What debilitation, what fatigue, what depression, what premature death has this produced in our society? No one will ever be able to estimate. Heaven can only suggest what marvelous individual and social advancements our world might have known had it not chosen to pour its vital, youthful energies into the sinking, sexual sands of time. What careers have been blasted, what potential melted into nothing, what great accomplishments never achieved because of our generation’s incredibly nonsensical preoccupation with that never-to-be-achieved will-o’-the-wisp, that ever-unfulfilled pseudo-promise of sexual fulfillment?” (emphasis mine)

~ Dave Breese, Seven Men Who Rule the World from the Grave, (Chicago: Moody Press, 1990), pgs. 142-143


Let us take a critical look at the world around us. How did we get here? How can we change for the better?

Additional note, I highly recommend this book. Especially for anyone who would like a clearer understanding of where our society is and why. This will not be all-inclusive to that end, obviously, but nevertheless it shines much light on our current world. Blessings.

Published in: on 7 PMpTue, 05 Apr 2016 16:22:29 -040022Tuesday 2016 at 4:22 pm  Leave a Comment  

Book Quote Mix-up from 24 March 2016

I enjoy sharing some things that I’m reading and sometimes offer-up my own thoughts with them. Yesterday morning, I was reading several books and they all offered-up some interesting insights. I will share them now; this being the first time I have shared quotes from multiple books in one post. Enjoy:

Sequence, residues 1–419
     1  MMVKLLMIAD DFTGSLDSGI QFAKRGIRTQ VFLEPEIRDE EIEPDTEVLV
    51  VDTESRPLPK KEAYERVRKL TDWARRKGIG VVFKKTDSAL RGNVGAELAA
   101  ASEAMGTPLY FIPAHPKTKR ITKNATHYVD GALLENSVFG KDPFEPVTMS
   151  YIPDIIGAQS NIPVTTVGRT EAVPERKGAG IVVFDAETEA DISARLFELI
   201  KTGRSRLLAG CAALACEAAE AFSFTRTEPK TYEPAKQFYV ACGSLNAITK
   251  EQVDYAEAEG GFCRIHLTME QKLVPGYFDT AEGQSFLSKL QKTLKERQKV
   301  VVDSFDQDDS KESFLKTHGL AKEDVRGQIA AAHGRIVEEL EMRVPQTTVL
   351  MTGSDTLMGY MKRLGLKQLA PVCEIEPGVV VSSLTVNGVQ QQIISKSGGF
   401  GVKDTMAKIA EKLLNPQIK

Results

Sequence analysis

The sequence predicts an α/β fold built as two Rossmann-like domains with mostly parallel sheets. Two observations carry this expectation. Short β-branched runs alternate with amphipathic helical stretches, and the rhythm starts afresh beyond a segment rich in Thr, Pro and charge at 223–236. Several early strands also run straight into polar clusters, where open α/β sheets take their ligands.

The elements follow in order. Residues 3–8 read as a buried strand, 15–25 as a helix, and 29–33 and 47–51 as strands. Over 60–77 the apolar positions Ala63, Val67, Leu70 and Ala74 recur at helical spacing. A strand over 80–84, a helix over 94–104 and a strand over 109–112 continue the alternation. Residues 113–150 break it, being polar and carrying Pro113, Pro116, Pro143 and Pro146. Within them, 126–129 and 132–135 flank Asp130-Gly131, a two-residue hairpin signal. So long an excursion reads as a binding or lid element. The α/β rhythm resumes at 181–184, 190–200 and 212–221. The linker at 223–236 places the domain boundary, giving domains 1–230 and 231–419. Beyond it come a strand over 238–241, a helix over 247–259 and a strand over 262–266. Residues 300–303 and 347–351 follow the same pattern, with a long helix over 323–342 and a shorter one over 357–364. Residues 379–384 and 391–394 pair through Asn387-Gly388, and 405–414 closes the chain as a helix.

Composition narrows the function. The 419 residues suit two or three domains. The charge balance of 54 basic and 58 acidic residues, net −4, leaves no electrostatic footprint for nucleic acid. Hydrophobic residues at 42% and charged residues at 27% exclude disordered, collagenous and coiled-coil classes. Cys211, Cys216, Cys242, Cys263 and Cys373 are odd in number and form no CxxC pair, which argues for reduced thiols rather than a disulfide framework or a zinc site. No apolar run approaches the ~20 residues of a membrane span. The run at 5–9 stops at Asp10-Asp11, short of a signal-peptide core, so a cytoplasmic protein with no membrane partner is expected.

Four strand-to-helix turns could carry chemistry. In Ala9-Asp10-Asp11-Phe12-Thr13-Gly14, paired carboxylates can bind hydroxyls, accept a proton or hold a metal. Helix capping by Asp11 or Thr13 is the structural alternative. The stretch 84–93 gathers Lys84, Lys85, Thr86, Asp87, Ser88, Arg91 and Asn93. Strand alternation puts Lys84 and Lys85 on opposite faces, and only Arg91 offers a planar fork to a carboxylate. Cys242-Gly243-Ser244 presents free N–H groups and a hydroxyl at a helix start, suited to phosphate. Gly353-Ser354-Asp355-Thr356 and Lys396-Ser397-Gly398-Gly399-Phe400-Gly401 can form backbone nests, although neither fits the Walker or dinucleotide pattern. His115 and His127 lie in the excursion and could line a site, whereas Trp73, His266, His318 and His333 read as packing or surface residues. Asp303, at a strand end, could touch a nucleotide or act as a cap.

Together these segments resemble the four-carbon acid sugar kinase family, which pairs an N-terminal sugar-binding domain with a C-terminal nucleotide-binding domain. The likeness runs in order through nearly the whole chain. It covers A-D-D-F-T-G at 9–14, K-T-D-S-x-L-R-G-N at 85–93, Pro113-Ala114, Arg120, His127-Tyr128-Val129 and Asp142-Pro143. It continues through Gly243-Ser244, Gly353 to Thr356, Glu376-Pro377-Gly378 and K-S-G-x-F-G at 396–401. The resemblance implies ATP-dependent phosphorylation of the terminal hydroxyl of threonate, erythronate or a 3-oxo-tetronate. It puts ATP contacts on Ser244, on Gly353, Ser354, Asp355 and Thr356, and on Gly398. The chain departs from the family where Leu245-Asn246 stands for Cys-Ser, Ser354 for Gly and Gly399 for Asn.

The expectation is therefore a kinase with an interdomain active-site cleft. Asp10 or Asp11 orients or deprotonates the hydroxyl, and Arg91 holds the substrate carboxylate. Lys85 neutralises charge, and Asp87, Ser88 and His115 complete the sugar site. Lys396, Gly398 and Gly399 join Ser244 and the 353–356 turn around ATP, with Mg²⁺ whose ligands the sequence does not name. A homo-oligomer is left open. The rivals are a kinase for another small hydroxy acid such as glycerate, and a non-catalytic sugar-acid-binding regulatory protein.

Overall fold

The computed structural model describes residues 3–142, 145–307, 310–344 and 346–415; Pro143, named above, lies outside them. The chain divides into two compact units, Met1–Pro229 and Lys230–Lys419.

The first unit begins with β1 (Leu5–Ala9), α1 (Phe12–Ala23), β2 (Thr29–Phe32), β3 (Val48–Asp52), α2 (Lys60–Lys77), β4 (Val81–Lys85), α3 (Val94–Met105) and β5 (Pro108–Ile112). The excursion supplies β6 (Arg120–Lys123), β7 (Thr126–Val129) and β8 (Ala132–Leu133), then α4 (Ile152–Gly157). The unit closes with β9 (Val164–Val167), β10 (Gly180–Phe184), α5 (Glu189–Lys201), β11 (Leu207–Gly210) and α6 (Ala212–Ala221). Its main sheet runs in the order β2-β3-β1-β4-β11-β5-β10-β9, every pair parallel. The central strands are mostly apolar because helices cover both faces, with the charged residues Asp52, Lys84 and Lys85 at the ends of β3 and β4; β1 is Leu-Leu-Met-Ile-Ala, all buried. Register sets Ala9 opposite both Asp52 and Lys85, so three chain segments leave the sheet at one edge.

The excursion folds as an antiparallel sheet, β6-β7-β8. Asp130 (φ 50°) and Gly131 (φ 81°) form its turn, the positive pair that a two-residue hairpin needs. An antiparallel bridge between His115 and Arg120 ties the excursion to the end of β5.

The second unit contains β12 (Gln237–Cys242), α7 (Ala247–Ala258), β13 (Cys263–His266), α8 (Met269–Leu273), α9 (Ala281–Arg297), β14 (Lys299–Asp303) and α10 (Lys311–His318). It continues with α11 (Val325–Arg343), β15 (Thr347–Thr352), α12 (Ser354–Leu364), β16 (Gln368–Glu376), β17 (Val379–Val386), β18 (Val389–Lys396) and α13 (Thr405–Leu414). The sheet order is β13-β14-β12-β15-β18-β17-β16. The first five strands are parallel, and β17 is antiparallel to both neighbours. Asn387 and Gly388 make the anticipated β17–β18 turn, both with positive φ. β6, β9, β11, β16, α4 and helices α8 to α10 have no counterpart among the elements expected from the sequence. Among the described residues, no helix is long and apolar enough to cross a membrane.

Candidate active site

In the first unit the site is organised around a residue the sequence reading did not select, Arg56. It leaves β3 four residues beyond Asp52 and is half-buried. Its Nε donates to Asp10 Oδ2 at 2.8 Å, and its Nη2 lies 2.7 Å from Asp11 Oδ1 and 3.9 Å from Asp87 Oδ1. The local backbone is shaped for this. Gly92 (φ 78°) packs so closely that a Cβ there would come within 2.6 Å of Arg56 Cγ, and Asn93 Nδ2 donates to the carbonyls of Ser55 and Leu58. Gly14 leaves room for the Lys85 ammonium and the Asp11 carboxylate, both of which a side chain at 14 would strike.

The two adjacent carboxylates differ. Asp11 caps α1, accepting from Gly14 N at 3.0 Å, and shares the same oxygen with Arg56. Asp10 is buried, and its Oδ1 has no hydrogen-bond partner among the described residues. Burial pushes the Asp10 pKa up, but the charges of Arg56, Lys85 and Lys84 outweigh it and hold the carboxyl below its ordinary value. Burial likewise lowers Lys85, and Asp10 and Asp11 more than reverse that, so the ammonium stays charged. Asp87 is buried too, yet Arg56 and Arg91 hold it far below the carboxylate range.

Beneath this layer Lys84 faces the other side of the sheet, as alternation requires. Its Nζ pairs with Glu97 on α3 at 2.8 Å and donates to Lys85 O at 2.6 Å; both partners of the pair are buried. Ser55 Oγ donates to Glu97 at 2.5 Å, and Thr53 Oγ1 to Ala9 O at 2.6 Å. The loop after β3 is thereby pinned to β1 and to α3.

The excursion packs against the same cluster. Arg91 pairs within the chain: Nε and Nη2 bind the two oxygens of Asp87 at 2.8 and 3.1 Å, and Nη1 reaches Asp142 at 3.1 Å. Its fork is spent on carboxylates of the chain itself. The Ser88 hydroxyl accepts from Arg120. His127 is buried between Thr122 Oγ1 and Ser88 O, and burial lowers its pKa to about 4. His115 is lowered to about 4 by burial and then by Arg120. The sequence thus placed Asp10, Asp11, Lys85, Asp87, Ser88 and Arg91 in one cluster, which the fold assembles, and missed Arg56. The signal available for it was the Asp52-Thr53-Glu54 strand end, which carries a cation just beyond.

“Before we get to that, we look across to another royal image, found in Philippians 3:20-21. Is if very close in theme to I Corinthians 15, quoting in fact at the crucial point from the same psalm (Psalm 8), emphasizing Jesus’s authority over all other powers.
“Philippi was a Roman colony. Augustus had settled his veterans there after the battles of Philippi (42 B.C.) and Actium (31 B.C.). Not all residents of Philippi were Roman citizens, but all knew what citizenship meant. The point of creating colonies was twofold. First, it was aimed at extending Roman influence around the Mediterranean world, creating cells and networks of people loyal to Caesar in the wider culture. Second, it was one way of avoiding the problems of overcrowding in the capital itself. The emperor certainly did not want retired soldiers, with time (and blood) on their hands, hanging around Rome ready to cause trouble. Much better for them to be establishing farms and businesses elsewhere.